Trumpf laser technology supports laser scanner welding

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Trumpf laser technology is supporting laser scanner welding used in the doors of the new Audi A4, the first time the car maker has used the process.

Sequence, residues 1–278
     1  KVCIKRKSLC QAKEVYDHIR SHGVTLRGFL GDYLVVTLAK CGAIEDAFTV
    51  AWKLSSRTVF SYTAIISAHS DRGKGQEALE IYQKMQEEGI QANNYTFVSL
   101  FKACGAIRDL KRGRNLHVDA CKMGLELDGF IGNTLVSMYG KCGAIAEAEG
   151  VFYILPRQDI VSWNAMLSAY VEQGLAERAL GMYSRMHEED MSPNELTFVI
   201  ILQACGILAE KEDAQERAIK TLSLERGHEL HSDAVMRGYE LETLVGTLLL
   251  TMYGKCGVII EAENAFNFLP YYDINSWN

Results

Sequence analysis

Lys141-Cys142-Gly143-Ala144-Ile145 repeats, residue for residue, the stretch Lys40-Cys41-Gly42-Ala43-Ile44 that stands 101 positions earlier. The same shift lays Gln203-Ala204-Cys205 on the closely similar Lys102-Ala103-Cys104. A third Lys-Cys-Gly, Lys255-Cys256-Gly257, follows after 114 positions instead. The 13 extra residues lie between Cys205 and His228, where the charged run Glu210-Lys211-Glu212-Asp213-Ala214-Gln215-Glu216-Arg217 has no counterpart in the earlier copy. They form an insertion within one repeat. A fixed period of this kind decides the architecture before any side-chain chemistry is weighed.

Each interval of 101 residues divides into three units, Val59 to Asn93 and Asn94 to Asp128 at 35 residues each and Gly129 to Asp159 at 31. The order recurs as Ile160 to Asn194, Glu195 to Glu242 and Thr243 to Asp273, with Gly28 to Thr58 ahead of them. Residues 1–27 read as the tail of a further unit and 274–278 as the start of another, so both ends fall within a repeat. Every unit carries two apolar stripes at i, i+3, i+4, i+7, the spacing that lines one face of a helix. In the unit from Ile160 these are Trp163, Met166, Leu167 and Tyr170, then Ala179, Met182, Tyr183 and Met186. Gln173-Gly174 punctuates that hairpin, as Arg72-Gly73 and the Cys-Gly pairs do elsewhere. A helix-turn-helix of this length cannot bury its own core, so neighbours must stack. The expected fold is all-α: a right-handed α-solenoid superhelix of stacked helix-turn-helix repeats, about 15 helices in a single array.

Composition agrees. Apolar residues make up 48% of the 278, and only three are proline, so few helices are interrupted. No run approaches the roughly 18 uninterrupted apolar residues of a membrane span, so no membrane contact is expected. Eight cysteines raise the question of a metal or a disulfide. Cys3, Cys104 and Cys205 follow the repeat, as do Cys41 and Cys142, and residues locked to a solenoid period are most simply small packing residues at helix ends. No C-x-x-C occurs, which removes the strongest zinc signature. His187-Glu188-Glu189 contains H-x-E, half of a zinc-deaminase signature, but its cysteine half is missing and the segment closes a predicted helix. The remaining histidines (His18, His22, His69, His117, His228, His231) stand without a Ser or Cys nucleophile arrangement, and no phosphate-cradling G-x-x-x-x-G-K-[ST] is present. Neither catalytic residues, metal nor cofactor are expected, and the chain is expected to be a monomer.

Trumpf's technology includes its disk laser and also a new welding scanner head. It has so far been the only robot-guided solution to pass the tough qualification tests of the German automotive industry, and it’s already being used in series production. Since early 2007, the doors of the Audi A4 successor have been welded with a scanner system and Trumpf's 4 kW disk laser. Four manufacturing cells produce 1,800 doors per day using this technology. Conventional welding with solid-state lasers is an established process in automotive car body manufacturing. The development of this process led to robot-controlled laser scanner welding in which the movement of the bending arm robot can be combined with the highly dynamic positioning movements of a laser scanner. A significant challenge in this development was the availability of suitable laser sources with appropriate available beam quality. Lamp-pumped rod systems with a beam quality of 25 mm*mrad have already demonstrated their industrial suitability a thousand times in conventional laser welding applications. With values clearly exceeding 99 percent, these beam sources set new availability standards. However, a much higher beam quality is needed for laser scanner welding because the size of the processing space for a scanning optical system and possible the work area are dependent on beam quality. Since the potential of rod geometry has been exhausted as far as beam quality is concerned, only novel laser concepts can meet the requirements of improved beam quality. Trumpf's disk laser has a standard beam quality of 8 mm*mrad for the high power series, with a maximum power range of 8 kW. The advantages over conventional processes are improved productivity. The time that had been spent positioning the robot has been greatly reduced by the fast mirror movements of the scanner head, thus drastically reducing processing time. Compared to resistance spot welding in which an average of about 0.5 welds per second can be achieved, laser scanner welding typically can complete three to four welds per second.